Allen Frances, professor of child psychiatry at Duke University and chair of the DSM IV
(Diagnostic and Statistical Manual of Mental Disorders) task force hit the nail on the head in a recent commentary "Why So Many Epidemics of Childhood Mental Disorders?
" in the Journal of Developmental and Behavioral Pediatrics. Because he makes his argument so clearly and persuasively (and the full article is only available to those who subscribe to the journal) I will quote it at length.
Since the publication of DSM-IV in 1994, the rates
of 3 mental disorders have skyrocketed: attention deficit disorder (ADD)
tripled, autism increased by 20-fold, and childhood bipolar disorder by 40-fold.
It is no accident that diagnostic inflation has focused on the mental disorders
of children and teenagers. These are inherently difficult to diagnose
accurately because youngsters have a short track record; are in developmental
flux that makes presentations transient and unstable; are sensitive to family,
peer, and school stresses; and may be using drugs. If ever diagnosis should be
conservative, it should be in kids. Instead, we have experienced an
unprecedented diagnostic exuberance encouraged in part by DSM-IV, but mostly
stimulated by the powerful external forces of drug company marketing and the
close coupling of school services to a diagnosis of mental disorder.
He gives the example of ADHD, describing how the revisions to DSM IV had anticipated a jump in diagnoses in girls with the additon of an "inattentive" subtype. But in fact there was an unexpected tripling of ADHD rates and parallel increase in use of psychiatric medication. He writes:
Three years after DSM-IV was published, drug
companies introduced new and expensive on-patent drugs that provided the
incentive and resources for an aggressive marketing campaign to psychiatrists,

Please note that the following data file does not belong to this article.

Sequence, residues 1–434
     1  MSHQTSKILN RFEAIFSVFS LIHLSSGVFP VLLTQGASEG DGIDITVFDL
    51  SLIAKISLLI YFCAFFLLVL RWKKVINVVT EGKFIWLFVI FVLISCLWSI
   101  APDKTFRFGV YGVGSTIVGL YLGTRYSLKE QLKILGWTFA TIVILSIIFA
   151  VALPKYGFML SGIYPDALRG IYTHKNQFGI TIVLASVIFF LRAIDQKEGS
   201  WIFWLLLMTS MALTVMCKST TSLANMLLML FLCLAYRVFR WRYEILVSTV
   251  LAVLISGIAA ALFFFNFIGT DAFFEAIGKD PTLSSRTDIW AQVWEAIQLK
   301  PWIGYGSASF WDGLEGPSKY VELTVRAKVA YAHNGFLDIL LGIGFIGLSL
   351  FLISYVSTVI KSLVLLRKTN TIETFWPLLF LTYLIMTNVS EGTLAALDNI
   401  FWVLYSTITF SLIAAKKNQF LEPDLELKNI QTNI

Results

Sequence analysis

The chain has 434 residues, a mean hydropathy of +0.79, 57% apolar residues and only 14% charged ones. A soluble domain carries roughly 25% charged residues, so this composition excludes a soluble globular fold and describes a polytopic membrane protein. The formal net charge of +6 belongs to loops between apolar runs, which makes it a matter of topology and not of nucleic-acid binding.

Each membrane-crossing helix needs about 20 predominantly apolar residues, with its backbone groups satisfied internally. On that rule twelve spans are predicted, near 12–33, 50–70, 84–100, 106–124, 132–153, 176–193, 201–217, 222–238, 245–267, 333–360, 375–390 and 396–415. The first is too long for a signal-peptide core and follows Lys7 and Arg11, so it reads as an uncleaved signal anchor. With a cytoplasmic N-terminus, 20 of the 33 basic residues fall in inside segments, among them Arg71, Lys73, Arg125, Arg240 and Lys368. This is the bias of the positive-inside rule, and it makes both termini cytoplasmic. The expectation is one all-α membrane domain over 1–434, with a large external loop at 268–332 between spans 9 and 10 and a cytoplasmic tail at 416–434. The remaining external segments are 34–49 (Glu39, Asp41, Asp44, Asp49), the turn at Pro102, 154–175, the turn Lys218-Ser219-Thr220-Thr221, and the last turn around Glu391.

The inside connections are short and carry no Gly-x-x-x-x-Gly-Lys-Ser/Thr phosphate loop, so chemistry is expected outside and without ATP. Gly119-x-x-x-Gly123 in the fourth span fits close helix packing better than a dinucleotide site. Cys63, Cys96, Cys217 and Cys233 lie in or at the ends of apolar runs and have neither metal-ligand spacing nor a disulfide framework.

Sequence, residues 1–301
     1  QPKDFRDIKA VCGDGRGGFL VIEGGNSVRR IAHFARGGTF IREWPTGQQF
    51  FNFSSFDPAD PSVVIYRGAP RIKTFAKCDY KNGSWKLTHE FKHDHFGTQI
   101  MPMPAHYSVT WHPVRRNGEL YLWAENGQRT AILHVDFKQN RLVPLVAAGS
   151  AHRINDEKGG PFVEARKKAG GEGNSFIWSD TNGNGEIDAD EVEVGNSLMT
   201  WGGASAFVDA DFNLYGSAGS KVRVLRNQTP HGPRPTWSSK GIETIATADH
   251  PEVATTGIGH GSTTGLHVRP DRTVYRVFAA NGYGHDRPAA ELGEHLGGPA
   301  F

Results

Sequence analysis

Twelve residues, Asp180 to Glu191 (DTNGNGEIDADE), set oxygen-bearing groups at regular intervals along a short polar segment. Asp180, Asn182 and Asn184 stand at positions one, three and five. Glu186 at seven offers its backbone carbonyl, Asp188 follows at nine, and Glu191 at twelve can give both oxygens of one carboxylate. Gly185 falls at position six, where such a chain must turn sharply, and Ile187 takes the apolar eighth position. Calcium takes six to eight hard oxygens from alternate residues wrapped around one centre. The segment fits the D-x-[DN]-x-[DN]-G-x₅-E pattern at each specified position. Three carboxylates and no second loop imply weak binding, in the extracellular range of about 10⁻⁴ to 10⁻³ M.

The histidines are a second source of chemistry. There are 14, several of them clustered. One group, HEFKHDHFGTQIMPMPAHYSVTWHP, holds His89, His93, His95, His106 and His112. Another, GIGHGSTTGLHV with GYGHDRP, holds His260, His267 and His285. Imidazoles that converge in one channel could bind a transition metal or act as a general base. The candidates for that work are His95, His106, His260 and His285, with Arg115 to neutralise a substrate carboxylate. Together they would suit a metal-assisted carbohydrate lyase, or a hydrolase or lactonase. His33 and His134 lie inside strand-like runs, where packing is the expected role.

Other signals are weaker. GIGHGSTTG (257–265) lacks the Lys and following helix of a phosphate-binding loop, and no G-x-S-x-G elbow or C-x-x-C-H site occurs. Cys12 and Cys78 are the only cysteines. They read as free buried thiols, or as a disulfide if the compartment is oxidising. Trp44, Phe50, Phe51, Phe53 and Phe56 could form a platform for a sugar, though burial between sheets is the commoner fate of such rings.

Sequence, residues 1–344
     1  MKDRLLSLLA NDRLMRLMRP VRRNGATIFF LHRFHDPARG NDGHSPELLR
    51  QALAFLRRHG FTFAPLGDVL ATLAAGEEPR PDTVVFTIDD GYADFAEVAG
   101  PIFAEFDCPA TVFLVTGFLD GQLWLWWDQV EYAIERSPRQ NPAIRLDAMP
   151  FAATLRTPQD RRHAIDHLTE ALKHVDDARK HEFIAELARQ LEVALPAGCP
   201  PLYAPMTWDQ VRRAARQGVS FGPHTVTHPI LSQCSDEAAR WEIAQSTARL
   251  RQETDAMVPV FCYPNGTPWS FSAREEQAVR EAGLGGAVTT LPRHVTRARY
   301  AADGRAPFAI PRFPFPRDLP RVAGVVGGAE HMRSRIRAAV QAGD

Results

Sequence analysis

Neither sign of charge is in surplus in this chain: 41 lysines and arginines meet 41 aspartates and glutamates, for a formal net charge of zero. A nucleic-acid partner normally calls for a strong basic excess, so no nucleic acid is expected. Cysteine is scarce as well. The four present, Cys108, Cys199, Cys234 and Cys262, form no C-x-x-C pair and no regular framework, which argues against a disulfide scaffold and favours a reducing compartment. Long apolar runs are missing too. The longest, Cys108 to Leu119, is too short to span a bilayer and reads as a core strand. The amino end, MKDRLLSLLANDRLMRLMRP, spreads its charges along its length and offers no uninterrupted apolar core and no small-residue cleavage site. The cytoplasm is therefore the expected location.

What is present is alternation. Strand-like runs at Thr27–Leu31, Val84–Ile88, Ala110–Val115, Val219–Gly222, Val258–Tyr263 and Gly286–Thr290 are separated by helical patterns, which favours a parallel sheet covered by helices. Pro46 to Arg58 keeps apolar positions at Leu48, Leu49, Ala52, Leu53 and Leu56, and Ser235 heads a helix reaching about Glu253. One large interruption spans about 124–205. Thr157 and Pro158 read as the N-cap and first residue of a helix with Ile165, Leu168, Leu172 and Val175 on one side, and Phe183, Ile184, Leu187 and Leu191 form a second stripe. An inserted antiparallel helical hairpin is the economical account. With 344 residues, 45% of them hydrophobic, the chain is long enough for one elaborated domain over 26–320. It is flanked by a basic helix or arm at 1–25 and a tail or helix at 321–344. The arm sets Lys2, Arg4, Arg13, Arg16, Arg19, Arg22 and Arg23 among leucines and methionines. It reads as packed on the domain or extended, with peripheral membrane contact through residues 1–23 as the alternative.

pediatricians, and family doctors. Simultaneously, successful drug company
lobbying gave them unrestricted freedom to advertise directly to consumers.
Parents and teachers were inundated with the message that ADD was terribly
underdiagnosed and easily treated with a pill. Sales of ADD drugs ballooned to
an astounding $7 billion.
He then moves on to bipolar disorder:
Childhood bipolar disorder is an even more chilling
case. DSM-IV had wisely rejected a proposal that there be a separate and much
looser definition of bipolar disorder in children. The argument for inclusion
rested on the unreplicated findings of just 1 (albeit very influential)
research group suggesting that kids present a developmentally different
prodromal form of bipolar disorder characterized by ambient irritability,
impulsivity, and temper outbursts, rather than the typical cyclical mood swings
of adults. Rejection by DSM-IV did not stop charismatic thought leaders (who
were heavily financed by drug companies) from spreading the gospel of childhood
bipolar disorder. The 40-fold increase in rates was accompanied by an increase
in antipsychotic spending up to $18.2 billion in 2011. These drugs frequently cause massive weight
gain in children. The overuse of antipsychotics in kids was not deterred by the
fact that childhood obesity is an important risk factor for diabetes and heart
disease. Drug companies have received billion dollar fines for off-label